A lawsuit filed Thursday in Minneapolis alleges that Catholic church authorities in the Minneapolis-St. Paul Archdiocese knew that a priest in their employ was dangerous to children, but took no action and continued to allow him access to minors.
According to a report by Laura Yuen of Minnesota Public Radio, Rev. Jerome Kern -- not the theatrical composer of the same name -- is the latest Catholic priest to be named in the widening Minneapolis-St. Paul clerical sex abuse scandal.
St. Paul attorney Jeff Anderson filed the lawsuit Thursday morning on behalf of an anonymous plaintiff who is referred to as Plaintiff Doe 26. The man is now in his 50s and accuses Kern of serially molesting him in a pattern of abuse that began in the 1970s when he was 12 years old. Plaintiff Doe 26 claims that church authorities had knowledge that Kern was a sexual predator and yet allowed him to teach classes and spend time unsupervised with young children.
For three decades, Kern ministered to the Catholic faithful in the Twin Cities in spite of the fact that at least two families lodged complaints with the church about him with the archbishop and with the St. Paul police. The earliest reports date to 1969, before Kern reportedly molested Plaintiff Doe 26.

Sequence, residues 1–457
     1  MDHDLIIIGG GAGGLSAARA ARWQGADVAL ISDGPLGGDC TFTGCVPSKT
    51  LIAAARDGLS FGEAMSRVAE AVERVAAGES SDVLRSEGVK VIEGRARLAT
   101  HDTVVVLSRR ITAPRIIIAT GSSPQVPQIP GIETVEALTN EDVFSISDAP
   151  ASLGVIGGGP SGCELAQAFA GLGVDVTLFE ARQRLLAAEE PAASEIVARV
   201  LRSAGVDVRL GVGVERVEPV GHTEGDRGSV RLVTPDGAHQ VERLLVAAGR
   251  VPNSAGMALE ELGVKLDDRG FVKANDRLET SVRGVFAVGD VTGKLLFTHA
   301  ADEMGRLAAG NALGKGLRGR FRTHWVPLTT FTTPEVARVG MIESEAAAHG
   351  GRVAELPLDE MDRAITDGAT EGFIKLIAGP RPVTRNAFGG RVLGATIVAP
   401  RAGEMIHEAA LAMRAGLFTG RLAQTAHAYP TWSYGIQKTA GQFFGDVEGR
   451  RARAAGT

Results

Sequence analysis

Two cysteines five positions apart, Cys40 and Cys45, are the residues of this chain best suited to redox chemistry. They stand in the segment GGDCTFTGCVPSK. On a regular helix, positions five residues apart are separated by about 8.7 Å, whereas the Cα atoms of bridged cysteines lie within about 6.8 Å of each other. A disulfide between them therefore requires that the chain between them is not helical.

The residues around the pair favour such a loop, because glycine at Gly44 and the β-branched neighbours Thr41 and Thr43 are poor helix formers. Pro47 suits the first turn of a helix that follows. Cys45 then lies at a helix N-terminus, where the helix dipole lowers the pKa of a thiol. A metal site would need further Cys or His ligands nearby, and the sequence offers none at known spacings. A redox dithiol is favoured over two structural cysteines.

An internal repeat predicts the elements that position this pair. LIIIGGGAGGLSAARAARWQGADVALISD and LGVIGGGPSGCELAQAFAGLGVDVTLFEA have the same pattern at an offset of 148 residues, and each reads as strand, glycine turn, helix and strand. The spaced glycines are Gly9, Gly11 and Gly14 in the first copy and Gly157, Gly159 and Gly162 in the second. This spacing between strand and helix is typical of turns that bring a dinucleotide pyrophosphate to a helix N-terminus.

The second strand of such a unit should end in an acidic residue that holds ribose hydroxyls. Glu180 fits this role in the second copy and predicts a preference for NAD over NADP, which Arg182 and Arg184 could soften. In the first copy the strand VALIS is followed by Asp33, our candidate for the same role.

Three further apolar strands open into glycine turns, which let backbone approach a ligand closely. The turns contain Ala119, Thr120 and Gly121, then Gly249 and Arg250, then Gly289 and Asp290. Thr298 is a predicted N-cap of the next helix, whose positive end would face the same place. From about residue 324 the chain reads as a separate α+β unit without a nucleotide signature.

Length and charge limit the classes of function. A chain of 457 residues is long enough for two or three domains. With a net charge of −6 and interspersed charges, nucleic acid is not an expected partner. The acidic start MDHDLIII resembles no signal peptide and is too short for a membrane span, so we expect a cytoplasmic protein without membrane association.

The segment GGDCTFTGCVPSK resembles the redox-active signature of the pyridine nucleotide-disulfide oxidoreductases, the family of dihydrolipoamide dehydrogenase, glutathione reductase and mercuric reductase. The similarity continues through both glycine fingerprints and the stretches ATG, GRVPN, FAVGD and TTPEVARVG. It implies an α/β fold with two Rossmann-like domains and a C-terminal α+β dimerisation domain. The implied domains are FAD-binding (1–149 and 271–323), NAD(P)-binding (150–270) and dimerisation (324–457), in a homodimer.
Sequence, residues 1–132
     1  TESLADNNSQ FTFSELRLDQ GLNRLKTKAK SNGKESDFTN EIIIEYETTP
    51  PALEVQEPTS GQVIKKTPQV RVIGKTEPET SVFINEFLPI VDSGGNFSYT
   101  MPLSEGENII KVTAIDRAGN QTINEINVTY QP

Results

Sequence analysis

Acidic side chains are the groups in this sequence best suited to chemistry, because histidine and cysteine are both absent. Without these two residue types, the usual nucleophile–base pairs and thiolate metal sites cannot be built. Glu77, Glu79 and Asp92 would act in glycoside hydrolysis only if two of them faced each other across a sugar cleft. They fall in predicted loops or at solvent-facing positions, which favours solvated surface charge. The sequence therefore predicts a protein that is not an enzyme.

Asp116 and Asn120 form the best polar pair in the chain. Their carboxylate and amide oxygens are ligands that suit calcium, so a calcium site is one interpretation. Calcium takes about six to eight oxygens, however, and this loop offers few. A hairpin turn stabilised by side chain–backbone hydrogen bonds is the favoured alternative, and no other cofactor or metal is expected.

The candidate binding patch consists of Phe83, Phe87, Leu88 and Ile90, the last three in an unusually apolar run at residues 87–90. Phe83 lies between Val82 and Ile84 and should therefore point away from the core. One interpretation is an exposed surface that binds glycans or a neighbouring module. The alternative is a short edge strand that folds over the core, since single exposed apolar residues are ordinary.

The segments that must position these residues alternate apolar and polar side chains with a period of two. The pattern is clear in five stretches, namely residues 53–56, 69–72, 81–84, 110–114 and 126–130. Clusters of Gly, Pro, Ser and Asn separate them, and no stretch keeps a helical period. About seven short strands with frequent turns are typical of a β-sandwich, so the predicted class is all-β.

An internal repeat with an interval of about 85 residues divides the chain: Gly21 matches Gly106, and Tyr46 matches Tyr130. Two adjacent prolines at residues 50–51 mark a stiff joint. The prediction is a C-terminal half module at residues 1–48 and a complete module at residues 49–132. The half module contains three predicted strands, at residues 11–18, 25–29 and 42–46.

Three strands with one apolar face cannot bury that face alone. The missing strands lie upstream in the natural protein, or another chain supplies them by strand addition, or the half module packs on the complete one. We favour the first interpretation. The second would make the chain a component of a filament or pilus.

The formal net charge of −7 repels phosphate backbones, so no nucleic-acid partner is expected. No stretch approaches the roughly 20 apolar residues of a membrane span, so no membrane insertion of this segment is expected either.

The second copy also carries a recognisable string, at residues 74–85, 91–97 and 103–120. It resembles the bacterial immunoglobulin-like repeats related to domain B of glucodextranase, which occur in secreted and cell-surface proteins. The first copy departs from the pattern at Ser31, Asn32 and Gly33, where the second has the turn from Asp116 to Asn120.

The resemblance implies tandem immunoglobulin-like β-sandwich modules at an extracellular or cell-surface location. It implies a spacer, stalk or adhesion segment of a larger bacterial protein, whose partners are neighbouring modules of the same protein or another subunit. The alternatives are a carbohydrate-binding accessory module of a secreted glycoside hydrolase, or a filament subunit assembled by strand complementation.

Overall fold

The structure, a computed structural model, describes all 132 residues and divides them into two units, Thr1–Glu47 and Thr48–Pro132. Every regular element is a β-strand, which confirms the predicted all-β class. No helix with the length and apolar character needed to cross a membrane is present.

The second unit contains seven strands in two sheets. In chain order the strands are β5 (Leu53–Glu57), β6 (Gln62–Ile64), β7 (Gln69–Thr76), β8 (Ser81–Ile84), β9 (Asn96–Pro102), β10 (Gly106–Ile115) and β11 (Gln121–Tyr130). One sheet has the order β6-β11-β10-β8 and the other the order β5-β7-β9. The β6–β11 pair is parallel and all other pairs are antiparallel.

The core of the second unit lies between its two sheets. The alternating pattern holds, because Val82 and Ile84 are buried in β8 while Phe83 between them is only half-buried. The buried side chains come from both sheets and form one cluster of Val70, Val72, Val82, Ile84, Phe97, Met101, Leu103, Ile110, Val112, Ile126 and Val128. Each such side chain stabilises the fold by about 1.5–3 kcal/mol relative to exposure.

Jamie Heutmaker, now 58, was one of the boys Kern was accused of fondling inappropriately. He spoke to the media on Thursday about a swimming trip that several boys took with the priest to Lake Nokomis, during which the priest allegedly touched the boys' genitals under the water.
When he was reported, the priest denied any lascivious intent, saying that he and the boys were engaging in "Italian wrestling," in which opponents purportedly grab each other's sex organs.
Rather than seek treatment for Kern or report him to the police, the archbishop and his advisers simply transferred the priest to another district, in an all-too-familiar pattern of concealment of the truth and enablement of the abusers that Catholic church officials practiced with impunity for decades.
Heutmaker is not Plaintiff Doe 26, but says that he came forward to demand that the church he grew up in stop the cycle of abuse.
"I've been hearing and seeing this happened for 45 years since it occurred, and I've seen nothing changed," he said to reporters. "I'm hoping that we can stop this and save some children from going through what we all did."
In spite of lawsuits, admissions of wrongdoing on Kern's part and awareness by the church of Kern's inability to control himself with young boys, Kern remained in active ministry until 2002. He is currently 72 years old and reports to a church-run program for problem priests.
Listen to Laura Yuen's report, embedded below via Minnesota Public Radio:
[image of priest in handcuffs via Shutterstock.com]